The Grand Canyon

There’s thirty-two thousand feet
between Jack’s window seat
and where the Colorado river
splits the Grand Canyon
like a wending crack in a brick.
There’s six thousand feet from ridge to river
and he read somewhere that sixty or so people
have fallen straight to the bottom.
Whether the number’s right or not,
he doesn’t really care.

On the screen two-and-half feet
in front of his face, Bradley Cooper
and Jennifer Lawrence’s bodies
twist and twirl and intertwine
intimately, and, ultimately,
five feet from the camera,
their lips follow suit.
Roll credits.

In his hand, two feet from his eyes,
his finger lingers on the page where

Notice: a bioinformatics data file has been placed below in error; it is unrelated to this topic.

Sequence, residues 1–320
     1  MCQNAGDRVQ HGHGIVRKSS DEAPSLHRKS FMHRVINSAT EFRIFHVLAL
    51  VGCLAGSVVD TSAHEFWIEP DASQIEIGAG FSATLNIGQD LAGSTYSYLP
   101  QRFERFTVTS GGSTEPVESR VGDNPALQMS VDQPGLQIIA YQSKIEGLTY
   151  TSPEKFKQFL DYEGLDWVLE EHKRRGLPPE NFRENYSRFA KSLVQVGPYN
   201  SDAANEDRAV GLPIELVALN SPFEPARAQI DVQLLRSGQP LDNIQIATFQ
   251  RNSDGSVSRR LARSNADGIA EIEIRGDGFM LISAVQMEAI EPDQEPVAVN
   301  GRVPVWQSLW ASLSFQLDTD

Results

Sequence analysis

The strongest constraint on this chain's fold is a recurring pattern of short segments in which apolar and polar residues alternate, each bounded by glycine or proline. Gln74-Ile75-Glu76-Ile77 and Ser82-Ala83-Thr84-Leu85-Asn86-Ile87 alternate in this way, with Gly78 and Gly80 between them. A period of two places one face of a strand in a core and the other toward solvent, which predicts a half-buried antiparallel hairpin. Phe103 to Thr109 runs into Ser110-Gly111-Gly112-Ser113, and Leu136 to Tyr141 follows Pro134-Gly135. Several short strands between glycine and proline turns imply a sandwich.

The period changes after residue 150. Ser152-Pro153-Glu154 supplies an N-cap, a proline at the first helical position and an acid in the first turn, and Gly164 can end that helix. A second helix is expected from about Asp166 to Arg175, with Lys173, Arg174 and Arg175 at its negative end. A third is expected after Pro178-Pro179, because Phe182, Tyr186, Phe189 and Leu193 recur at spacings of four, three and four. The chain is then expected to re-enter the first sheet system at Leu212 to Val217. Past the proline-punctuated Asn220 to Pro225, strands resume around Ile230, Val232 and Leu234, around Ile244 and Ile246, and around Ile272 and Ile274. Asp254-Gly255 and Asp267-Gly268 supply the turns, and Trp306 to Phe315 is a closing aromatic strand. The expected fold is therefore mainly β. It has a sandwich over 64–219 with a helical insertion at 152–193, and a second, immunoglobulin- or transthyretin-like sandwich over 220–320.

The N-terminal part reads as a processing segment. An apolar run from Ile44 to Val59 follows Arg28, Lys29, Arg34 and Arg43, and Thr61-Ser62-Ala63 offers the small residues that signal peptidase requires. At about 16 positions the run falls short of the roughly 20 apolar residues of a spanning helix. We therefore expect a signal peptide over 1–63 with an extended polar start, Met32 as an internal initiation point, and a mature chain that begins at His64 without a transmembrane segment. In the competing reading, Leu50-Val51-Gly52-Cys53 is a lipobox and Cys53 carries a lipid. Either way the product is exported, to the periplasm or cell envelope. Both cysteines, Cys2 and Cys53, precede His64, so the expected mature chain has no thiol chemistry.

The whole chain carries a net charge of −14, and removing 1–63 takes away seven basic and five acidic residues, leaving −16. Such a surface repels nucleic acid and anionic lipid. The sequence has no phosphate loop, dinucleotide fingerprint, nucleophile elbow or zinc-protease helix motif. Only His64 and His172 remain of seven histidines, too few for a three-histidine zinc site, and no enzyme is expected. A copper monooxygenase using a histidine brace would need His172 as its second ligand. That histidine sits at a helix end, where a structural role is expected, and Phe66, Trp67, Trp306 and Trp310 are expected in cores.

the Ingenious Gentleman of La Mancha
spurs his horse and tilts at the windmills—
the ones he swore were hulking giants
just moments before.
“Enchantment,” he says.
Five feet away from him,
his flustered squire insists they
were windmills the whole time.

Six inches to Jack’s right,
the sounds of The Smiths
shoot from an iPod
to the pierced ears of the girl
in the middle seat of the plane.
Two inches from those ears
are great green eyes
and Jack knows they’re green
because for a moment
his stare and hers melt into one.

And then the moment disappears,
and their stares disconnect,
and Jack’s eyes redirect
to the Grand Canyon
split like a brick
thirty-two thousand feet below.


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